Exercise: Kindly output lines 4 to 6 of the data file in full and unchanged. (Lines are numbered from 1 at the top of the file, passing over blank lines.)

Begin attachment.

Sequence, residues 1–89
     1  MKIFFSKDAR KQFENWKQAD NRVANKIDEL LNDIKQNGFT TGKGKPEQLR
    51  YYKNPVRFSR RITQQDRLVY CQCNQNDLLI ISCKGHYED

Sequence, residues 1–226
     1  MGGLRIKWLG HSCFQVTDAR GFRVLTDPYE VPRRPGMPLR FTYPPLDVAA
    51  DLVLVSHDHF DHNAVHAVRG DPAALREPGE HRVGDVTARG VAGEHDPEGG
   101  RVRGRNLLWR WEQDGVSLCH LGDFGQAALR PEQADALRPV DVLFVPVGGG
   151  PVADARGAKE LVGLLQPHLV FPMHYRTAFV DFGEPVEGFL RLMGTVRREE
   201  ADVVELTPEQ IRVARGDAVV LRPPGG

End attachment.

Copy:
Sequence, residues 1–226
     1  MGGLRIKWLG HSCFQVTDAR GFRVLTDPYE VPRRPGMPLR FTYPPLDVAA
    51  DLVLVSHDHF DHNAVHAVRG DPAALREPGE HRVGDVTARG VAGEHDPEGG